One of the scariest things about CRPS is that it can jump from the affected limb to the non-affected limb. Once I tried on a pearl bracelet thinking the smoothness of the pearls would be therapeutic, and it hurt so much that my “good” wrist burned, too. The condition caused my own brain to play tricks on me.

It was time to fight back by training my brain to heal, and this is where the University of Washington becomes part of my story.

My occupational therapist, Tony Dao of Edmonds Hand Therapy, had learned about graded motor imagery while studying at the UW. He had me do GMI exercises as soon as possible. The way it worked was that I put my damaged left arm in a black box with a mirror on it and my right arm next to it. Then I moved both arms at the same time.

When I looked at the mirror, I saw the reflection of my good arm, which hopefully rewired my brain into thinking that both arms were healthy. Graded motor imagery was a new enough treatment that my insurance wouldn’t cover the cost of the mirror box, but I was able to find one online for $50. Spending time with the mirror box became part of my daily routine.

When I was ready, I also got out my beginning Zumba videos. Zumba forced me to move both arms at the same time while focusing on the happy instructor on television — not my pain. Clapping was impossible, but my range of motion improved. Eventually, I added a pilates workout to my exercise routine that focused on wrist stretching and forearm strength.

Slowly, my sensory issues got better, too. Every day I had my kids “walk” their little fingertips over my wrist. It felt like fire ants but I built up my tolerance. After a year, I was able to wear sweaters again without being bothered, so long as they weren’t wool. It took two more years of recovery for me to be able to wear a watch.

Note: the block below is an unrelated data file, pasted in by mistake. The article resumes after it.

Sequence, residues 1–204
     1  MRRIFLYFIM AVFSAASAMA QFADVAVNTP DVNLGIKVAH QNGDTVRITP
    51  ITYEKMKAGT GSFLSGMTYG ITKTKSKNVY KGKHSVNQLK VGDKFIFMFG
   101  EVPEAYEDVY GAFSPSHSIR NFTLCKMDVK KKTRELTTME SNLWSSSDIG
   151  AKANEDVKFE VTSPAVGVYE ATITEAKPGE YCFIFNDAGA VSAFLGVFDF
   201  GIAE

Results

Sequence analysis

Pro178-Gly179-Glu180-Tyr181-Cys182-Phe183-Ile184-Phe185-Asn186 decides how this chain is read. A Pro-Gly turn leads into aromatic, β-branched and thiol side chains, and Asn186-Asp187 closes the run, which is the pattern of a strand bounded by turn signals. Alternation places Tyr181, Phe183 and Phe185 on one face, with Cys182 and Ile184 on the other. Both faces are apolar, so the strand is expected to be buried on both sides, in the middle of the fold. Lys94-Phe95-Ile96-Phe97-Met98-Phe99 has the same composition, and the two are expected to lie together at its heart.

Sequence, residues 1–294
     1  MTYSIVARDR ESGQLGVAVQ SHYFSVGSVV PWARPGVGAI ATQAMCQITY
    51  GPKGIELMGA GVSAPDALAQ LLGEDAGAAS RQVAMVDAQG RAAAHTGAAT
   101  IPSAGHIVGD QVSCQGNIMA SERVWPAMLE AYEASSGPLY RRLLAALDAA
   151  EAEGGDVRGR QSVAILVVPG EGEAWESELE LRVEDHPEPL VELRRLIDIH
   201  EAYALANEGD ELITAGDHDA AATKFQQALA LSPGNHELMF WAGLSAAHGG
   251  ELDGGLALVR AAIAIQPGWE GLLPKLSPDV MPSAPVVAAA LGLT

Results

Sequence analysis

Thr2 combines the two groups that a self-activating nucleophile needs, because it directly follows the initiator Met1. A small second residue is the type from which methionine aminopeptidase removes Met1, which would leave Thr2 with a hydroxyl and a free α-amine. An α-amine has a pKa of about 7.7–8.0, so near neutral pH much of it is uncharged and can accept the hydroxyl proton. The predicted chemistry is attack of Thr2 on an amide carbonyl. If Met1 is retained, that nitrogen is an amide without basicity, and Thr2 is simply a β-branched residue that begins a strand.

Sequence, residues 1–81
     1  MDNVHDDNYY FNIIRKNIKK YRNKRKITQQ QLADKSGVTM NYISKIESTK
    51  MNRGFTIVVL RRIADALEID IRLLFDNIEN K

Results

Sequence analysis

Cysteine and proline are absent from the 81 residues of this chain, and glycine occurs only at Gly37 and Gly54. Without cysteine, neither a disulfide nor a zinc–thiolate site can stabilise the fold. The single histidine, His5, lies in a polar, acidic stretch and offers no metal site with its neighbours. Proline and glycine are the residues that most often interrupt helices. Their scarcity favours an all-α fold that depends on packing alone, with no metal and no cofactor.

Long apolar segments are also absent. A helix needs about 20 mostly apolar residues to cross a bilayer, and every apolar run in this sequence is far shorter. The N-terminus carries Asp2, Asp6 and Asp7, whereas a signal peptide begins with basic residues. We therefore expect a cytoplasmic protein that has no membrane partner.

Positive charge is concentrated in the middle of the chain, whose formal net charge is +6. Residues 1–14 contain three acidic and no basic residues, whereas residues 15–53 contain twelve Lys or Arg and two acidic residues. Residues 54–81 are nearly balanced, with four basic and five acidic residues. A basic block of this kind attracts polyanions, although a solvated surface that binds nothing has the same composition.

Now, three years later, my wrist feels funny but doesn’t usually hurt. But if I stop taking vitamin C, the pain returns, my wrist changes colors and I’m back to wearing tank tops.

I’m better, but not cured, because there is no cure. Still, I consider myself to be a CRPS success story. I owe a huge debt of gratitude to my occupational therapist and what he learned at the UW.

I’m not a good candidate for the CRPS clinical study happening right now, called CREATE-1, but I’m excited to follow its progress. I emailed researcher Michelle Tiedeman about the study.

“CREATE-1 is a phase three clinical trial of an oral investigational medication for the treatment of pain associated with CRPS,” she wrote. “Eligible participants will be randomly assigned (by chance) to receive the investigational medication or placebo once weekly for six weeks.”

Researchers are seeking volunteers who have been diagnosed with CRPS or who have CRPS symptoms. You can find out more information on the website at www.CRPStrial.com or by calling 206-354-6857.

Being diagnosed with a chronic pain condition was terrifying, but my story at least has a happy ending.

I can clap my hands again, and it feels mighty good to offer up a round of applause to all the scientists, doctors and occupational therapists whose research contributed to my success.

Jennifer Bardsley is author of the books “Genesis Girl” and “Damaged Goods.” Find her online on Instagram @the_ya_gal, on Twitter @jennbardsley or on Facebook as The YA Gal.